Conditions to be considered in the differential diagnosis of PPD are listed in Table 1.1,2,4 A careful history and physical examination are usually enough to differentiate most of the conditions. However, if necessary, laboratory studies such as porphyrin levels (to rule out porphyria cutanea tarda), photopatch tests (to distinguish between photoallergic and phototoxic dermatitis), microbiological analysis of bullae aspirate, biopsy for histologic examination, and further studies may be conducted.2 PPD occurring on a child may be mistaken for child abuse, as children may acquire lesions from contact with other people who have juice on their hands; lesions may have a bruise-like appearance usually in the shape of handprints or fingerprints.1,3,4,6
Table 1. Conditions to consider in the differential diagnosis of phytophotodermatitis1,2,4
|Disease||Clues for diagnosis|
||Contact with hot substances
|Irritant contact dermatitis
||Contact with strong irritants such as acid, alkali, solvent, and others
|Drug induced bullous disorders
||Recent exposure to systemic drugs
|Allergic contact dermatitis
||Contact with topical medications or other suspicious allergens
|Jellyfish stings, arthropod bites
||History of outdoor and nature-based activities, including in the sea and forest
|Cutaneous larva migrans
||History of lying or walking barefoot on soil or tropical beaches
||Presence of local inflammatory signs and systemic symptoms
||Mainly affects infants and children, especially on the face and extremities; crusted, honey-coloured exudate over erosions can be observed
|Porphyria cutanea tarda
||Previous history of liver disease, hypersensitivity to the sun and a recurrent rash on the exposed areas, including blisters, erosions, scarring, hyperpigmentation, hypertrichosis and milia.
Appropriate treatment for this condition includes:1,2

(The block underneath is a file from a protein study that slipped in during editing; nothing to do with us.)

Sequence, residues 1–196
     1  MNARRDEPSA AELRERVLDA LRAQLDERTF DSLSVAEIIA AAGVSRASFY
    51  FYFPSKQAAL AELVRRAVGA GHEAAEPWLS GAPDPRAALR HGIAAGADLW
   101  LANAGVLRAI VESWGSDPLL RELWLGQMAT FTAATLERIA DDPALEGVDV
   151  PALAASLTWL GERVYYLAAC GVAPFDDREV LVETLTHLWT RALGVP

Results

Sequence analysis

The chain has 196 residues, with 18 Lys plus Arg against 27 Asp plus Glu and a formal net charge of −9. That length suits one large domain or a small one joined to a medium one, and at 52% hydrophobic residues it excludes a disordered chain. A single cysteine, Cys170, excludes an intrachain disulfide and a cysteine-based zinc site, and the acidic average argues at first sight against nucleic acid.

- avoidance of the offending agent
- cool wet compresses during the acute phase
- potent topical glucocorticoids in severe and oedematous lesions
- oral salicylates or indomethacin for pain relief in adult patients
- skin-lightening cream if chronic hyperpigmentation results.
However, prevention is the best treatment for PPD. Known furocoumarin-containing plants should be avoided and not be planted near play areas. It is prudent to advise the use of sunscreens, gloves and protective clothing while in contact with these plants, especially on sunny days. If the contact occurs, prompt washing with soap and water is essential.
Competing interests: None.
Provenance and peer review: Not commissioned; externally peer reviewed.
- Cather JC, Macknet MR, Menter MA. Hyperpigmented macules and streaks. Proc (Bayl Univ Med Cent) 2000;13:405–06.
- Baugh WP. Phytophotodermatitis. Available at: http://emedicine.medscape.com/ article/1119566–overview [Accessed at 15 April 2013].
- Bolognia J, Jorizzo J, Schaffer J. Dermatology. In: Dermatoses Due to Plants. Elsevier; 2012. p. 273–89.
- De Almeida HL Jr, Jorge VM. The many faces of phytophotodermatitis. Dermatol Online J 2006;12:8.
- Morais P, Mota A, Cunha AP, Peralta L, Azevedo F. Phytophotodermatitis due to homemade ointment for Pediculosis capitis. Contact Dermatitis 2008;59:373–74.
- Barradell R, Addo A, McDonagh AJ, Cork MJ, Wales JK. Phytophotodermatitis mimicking child abuse. Eur J Pediatr 1993;152:291–92.